New Managers Should Focus on Helping Their Teams, Not Pleasing Their Bosses
New Managers Should Focus on Helping Their Teams, Not Pleasing Their Bosses


New Managers Should Focus on Helping Their Teams, Not Pleasing Their Bosses

The irony for most, newly appointed managers, is that the skills and qualities that earned them the promotion are very different from those that will serve them well as a leader, and they’re often left to figure it out on their own, and may not always be successful. Harvard Business School professor Francis Frei, who was recently recruited by Uber to help with the company’s leadership and sexual harassment scandals, points out that the instant conclusion might be that the transportation company has bad managers. But in reality, she told Marketplace, managers haven’t been given the guidance they need, “It turns out we have not been giving leadership training to our managers, so the managers haven’t been set up for success.’’

Stanford academic Bob Sutton, author of Good Boss, Bad Boss, says the challenges that new managers face have a lot to do with where they place their attention; “Your attention will naturally shift up & be directed the hierarchy. We tend to do the same when we’ve been promoted, constantly looking up to make sure our boss is seeing and approving of us, which means we’re paying less attention to the people we’re now leading. And our former peers, for their part, are watching us more than they ever did before. What do our mood and expression suggest? Are we getting up from our desk more often? What are we spending our time on? Are we more or less friendly than we used to be? Who’s in and who’s out in the new hierarchy? This ‘asymmetry’ of attention, Sutton explains, “is problematic for most new managers. You may be so eager to prove that you’re the right promotion (or hire) to your own higher-ups that you unintentionally neglect the people who report to you”.

So what should you do to counter this before you alienate your new charges and patterns that are destructive set in?

“It’s uncomfortable, to have the people who report to you watching you so closely,’’ explains Harvard Business School professor Linda Hill, author of ‘Becoming the Boss‘. “But it’s never been more important to pay attention to them. You need your new team to be on your side, giving you their best performance and trusting you to lead them. As you and your direct reports recalibrate your roles, they’ll be looking for evidence of three specific things in you”, says Hill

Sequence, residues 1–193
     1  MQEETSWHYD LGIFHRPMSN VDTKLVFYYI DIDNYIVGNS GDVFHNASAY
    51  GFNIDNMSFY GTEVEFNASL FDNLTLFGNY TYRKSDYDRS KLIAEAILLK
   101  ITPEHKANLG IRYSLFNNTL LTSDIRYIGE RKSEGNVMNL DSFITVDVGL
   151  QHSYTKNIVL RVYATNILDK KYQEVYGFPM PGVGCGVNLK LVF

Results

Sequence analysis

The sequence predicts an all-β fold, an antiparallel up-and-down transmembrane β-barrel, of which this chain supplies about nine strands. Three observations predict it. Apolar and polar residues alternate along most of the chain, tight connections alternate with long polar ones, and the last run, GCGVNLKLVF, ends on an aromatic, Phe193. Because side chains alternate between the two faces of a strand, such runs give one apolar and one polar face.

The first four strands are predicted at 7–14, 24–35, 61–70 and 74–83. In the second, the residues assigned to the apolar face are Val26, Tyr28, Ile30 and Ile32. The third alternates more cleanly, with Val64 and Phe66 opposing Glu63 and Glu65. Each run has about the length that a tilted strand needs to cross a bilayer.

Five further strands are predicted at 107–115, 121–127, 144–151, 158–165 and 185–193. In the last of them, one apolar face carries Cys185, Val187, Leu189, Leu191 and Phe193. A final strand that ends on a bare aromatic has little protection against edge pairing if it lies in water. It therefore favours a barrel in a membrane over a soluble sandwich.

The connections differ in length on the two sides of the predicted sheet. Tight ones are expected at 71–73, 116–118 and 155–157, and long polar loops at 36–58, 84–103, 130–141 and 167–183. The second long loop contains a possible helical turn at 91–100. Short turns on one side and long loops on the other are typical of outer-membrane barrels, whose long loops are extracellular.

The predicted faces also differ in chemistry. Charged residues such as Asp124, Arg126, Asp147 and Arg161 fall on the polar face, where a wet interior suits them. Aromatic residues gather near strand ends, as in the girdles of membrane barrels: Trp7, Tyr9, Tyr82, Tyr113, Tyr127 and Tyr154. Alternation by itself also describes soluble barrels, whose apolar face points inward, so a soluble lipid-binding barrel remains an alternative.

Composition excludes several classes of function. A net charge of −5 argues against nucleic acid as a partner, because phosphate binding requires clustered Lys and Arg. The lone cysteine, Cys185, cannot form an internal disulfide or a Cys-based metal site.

• It’s likely that you were promoted because you were good at your previous job, but are you competent as a manager?
  • Do you want to do the right things as a new leader?
  • Will you have the right network, respect, and ability to get the job done?

“People will be collecting evidence from your verbal and nonverbal clues,’’ Hill says. “You need to pay attention not just to what you do but how you do it. Your words matter.’’ If a manager is  conscious of signalling he/she competence in these three areas, they will go a long way in quelling the team’s concerns. Some of it, Sutton advises, is simply changing ones mindset: Are you their ally? Are you concerned that they shine, not just you? Are you fair in how you make decisions?

The team at Actuate Business Consulting, a knowledge based management consulting firm in India, believes that instead of trying to please the boss one should make an effort to help their respective team members adjust to their new role by demonstrating three things: trust, character and influence. Just because you were  terrific at your job before you were promoted doesn’t mean you’ll automatically be a terrific boss. Recognize that you have a lot to learn; ask your own manager for help and guidance getting up to speed quickly. Experts recommend that a manger should focus to demonstrate ones vision, support & lead teamwork, and recognize those who make significant contributions.

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